I’m sorry if this is distressing. But I firmly believe that we must acknowledge our own human weakness in order to move in a more loving direction. And my thoughts on this have been greatly influenced by psychologist and writer Sam Keen. In the mid-1980s he wrote a book called Faces of the Enemy. Faces of the Enemy begins as a study of propaganda–in particular the kind of propaganda used during times of war. This study led him to look closely at human nature–and why it seems so necessary for us to hate. Keen writes, "Generation after generation, we find excuses to hate and dehumanize each other, and we always justify ourselves with the most mature sounding political rhetoric… We refuse to admit the obvious. We human beings are Homo Hostilis, the hostile species, the enemy-making animal."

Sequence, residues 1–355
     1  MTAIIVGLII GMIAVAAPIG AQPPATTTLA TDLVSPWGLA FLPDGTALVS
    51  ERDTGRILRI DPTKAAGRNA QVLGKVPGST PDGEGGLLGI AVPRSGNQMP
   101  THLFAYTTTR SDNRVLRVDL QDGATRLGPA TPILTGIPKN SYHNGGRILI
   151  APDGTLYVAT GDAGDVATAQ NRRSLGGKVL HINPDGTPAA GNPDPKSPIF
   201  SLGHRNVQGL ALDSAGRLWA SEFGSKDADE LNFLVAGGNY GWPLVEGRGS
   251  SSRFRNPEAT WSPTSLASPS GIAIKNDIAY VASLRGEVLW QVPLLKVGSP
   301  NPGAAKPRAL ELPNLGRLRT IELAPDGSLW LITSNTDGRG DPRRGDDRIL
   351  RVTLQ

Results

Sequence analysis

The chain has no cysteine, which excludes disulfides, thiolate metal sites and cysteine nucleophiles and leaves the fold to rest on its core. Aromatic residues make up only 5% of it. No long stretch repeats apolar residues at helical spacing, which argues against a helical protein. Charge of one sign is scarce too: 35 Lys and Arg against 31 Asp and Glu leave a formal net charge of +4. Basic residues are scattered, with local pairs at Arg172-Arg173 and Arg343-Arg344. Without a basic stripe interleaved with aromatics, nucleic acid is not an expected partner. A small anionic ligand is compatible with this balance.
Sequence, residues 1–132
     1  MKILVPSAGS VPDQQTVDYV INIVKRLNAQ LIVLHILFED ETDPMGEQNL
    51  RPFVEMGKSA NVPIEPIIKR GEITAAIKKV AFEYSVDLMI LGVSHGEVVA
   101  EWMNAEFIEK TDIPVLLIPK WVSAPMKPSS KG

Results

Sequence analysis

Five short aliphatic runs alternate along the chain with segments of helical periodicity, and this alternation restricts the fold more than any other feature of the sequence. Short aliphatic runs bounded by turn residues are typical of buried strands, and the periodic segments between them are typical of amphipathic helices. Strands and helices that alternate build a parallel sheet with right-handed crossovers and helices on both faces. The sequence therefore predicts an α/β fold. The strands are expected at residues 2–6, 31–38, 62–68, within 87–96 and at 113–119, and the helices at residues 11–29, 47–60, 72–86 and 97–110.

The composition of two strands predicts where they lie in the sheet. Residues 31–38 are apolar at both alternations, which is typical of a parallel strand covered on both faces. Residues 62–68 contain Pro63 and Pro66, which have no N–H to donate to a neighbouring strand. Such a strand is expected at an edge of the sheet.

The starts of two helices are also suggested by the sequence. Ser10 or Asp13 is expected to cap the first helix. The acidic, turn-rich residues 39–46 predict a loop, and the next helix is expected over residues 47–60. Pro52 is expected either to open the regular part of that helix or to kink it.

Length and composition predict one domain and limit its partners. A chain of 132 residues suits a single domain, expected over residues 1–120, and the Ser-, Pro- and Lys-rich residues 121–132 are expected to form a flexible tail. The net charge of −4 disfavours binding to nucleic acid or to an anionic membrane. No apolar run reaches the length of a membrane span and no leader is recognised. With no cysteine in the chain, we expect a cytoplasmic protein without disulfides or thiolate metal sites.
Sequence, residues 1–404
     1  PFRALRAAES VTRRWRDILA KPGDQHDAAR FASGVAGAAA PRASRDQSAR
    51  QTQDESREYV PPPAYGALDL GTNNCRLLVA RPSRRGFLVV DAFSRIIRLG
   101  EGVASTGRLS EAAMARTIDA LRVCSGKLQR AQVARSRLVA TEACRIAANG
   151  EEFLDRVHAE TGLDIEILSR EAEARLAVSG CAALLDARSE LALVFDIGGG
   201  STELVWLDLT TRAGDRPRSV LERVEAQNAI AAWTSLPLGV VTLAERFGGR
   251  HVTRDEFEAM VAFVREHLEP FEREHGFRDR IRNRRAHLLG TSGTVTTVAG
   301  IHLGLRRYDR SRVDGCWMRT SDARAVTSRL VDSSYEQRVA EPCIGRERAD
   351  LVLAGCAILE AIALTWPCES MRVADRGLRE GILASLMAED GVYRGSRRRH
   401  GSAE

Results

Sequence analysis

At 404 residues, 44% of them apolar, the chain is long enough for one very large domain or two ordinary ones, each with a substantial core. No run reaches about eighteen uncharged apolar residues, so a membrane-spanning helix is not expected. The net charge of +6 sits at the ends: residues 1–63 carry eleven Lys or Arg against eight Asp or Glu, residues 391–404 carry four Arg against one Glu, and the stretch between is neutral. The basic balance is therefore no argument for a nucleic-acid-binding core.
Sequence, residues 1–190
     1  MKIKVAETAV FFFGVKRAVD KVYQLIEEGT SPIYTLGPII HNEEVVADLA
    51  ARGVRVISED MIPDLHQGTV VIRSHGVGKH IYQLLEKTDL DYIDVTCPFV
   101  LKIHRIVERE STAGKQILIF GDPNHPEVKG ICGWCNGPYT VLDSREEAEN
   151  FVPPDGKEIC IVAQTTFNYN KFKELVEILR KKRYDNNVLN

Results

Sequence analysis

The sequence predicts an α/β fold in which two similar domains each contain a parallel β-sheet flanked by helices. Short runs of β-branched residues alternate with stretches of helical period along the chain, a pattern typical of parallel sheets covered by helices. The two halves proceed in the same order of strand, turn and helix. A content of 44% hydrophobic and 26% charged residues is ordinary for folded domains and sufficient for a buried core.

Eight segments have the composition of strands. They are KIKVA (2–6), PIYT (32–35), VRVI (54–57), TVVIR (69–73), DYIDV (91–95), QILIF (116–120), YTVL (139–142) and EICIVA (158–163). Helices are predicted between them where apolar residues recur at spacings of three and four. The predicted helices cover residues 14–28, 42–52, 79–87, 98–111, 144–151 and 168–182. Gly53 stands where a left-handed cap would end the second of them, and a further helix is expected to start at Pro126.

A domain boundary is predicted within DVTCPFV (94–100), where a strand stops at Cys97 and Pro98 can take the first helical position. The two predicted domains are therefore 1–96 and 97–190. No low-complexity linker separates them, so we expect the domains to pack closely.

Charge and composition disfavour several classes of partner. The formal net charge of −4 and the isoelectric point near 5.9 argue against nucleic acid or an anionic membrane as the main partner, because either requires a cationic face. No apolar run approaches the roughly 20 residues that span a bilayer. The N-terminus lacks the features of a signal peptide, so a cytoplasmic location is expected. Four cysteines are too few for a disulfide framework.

Keen, in his role as a psychologist and student of human nature, acknowledges that human beings are indeed not all sweetness and light. We get angry, we feel weak, we act out, we become enraged. That’s who we are. It’s not only who we are but it is a part of human nature to feel these kind of negative feelings. I know I don’t like to think of myself in this way–you probably don’t either. But I don’t have to dig too deep into my own psyche to find at least a few examples of my ability to hate.